|What does it mean for UC Administrative Professionals?
Once again, UC is riding the wave of political attacks on public employees to cut retirement compensation for all new employees, beginning in July. A “committee of two” composed of UC President Janet Napolitano and CA Governor Jerry Brown agreed to cap pension income near the Social Security wage base at a current figure of $117,020/year. The cap will significantly cut pensions for new faculty and directors, and many new employees in the UC medical enterprise. UC has proposed a supplemental savings plan for new employees with salaries exceeding the cap, which they would be responsible for investing.
UC also has proposed, independently of the Governor and the State, to allow new hires to opt out of the pension completely and participate in a savings plan only. Again, savings will depend entirely on how new employees invest their contributions. The advantage of a savings plan is that new employees can take their and UC’s contribution (net any investment gain/loss) with them when they leave UC, after working just one year or more. UC estimates that up to 40% or more new hires will opt out of the pension!
Why this is a bad plan
Making the pension optional for new employees encourages turnover. It discourages a UC career, along with all of the important career benefits. A large number of new employees opting out also would shrink our robust pension fund, currently exceeding $50 billion, in which all current employees and retirees participate. The time may come when UC simply stops offering the pension to new employees. In this case, employee contributions would cease when everyone participating in the pension retires. Loss of contributions, when combined with inevitable financial crashes, would make the pension more expensive for UC to maintain at 100% guaranteed funding. Furthermore, data shows that current retirees who depend solely on individual retirement accounts (401Ks and their equivalent), often do not have enough saved to support them adequately.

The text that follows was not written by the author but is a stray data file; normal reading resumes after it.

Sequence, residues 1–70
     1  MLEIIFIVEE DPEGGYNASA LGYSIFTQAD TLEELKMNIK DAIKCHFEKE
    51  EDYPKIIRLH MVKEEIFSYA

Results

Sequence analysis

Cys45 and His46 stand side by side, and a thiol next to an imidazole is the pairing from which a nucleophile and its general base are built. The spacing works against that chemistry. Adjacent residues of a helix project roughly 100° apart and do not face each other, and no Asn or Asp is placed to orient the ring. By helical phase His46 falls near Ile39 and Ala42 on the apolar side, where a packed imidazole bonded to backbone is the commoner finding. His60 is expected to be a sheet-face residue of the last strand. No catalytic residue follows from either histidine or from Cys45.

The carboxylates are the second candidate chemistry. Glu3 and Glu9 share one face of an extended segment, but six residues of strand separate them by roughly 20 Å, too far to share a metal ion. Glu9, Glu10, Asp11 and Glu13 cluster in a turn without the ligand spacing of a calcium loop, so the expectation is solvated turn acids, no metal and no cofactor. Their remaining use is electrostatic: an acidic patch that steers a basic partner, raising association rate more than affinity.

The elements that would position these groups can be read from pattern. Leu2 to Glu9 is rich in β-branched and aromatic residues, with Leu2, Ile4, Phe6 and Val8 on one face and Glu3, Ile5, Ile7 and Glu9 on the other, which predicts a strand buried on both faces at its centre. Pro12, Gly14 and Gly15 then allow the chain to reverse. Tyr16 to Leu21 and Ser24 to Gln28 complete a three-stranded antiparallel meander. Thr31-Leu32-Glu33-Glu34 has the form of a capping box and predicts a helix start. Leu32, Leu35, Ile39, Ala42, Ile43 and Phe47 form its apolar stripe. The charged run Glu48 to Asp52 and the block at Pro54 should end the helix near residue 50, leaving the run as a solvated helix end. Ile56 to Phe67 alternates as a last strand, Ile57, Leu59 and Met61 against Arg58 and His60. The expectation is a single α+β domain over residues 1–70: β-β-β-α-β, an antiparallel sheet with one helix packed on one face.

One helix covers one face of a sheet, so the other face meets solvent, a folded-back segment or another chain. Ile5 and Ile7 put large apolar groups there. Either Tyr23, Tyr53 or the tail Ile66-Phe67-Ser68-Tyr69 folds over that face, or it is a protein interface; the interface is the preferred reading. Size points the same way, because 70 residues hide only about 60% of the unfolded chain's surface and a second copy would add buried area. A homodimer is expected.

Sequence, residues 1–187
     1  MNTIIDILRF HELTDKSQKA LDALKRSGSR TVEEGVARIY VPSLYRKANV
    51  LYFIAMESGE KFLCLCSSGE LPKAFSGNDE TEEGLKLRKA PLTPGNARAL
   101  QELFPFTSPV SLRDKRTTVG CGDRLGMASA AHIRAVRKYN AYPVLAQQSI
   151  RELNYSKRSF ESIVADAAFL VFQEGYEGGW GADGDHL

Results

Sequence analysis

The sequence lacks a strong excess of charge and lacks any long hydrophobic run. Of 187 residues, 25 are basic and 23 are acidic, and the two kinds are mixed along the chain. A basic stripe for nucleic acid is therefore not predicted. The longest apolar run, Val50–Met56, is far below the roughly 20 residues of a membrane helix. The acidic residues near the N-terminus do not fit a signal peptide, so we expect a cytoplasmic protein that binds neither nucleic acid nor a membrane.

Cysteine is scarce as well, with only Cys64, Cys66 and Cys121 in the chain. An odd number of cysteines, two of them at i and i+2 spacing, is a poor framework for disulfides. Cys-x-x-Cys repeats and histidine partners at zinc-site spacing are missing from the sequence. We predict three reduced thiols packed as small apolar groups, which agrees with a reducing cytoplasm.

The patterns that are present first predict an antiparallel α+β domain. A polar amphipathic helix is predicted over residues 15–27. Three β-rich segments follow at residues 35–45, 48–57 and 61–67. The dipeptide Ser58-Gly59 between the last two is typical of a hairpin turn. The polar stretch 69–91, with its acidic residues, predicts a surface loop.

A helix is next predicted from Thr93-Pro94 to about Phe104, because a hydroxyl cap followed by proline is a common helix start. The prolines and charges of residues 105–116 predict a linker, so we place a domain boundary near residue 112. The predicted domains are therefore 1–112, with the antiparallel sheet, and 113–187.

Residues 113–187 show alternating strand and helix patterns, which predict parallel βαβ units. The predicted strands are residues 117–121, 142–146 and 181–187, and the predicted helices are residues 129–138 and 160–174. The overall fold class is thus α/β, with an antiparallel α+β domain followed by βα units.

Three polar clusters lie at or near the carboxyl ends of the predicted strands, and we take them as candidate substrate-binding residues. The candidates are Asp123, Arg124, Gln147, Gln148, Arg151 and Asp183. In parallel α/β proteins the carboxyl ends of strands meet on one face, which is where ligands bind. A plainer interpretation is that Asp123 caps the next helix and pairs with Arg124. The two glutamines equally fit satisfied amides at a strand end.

What happens now?
President Napolitano will present her final recommendations to the UC Board of Regents for approval at their March meeting. More than the 2013 Pension Tier, which raised the normal retirement age for new employees from age 60 to 65, these changes would have far-reaching negative impacts on all career employees. Napolitano has requested comments from all staff on the proposed changes by February 15.
What you can do
- APs are encouraged to review the information and submit comments to UC by February 15.
“The new pension cap and retirement savings plan would discourage those seeking a career at UC, and undermine the benefits of dedicated current employees. It’s not reasonable to expect that new employees would be content with far lesser benefits than current colleagues. This proposal would threaten the quality of faculty, professionals, and staff upon whom the University is dependent for achieving excellence. I am absolutely opposed to the changes that have been proposed.”
- Sign this petition to protect your pension.
- Union representation with a contract negotiated through collective bargaining is the best way Administrative Professionals can secure our pension and other employment benefits. Join the UPTE campaign for union representation for Administrative Professionals.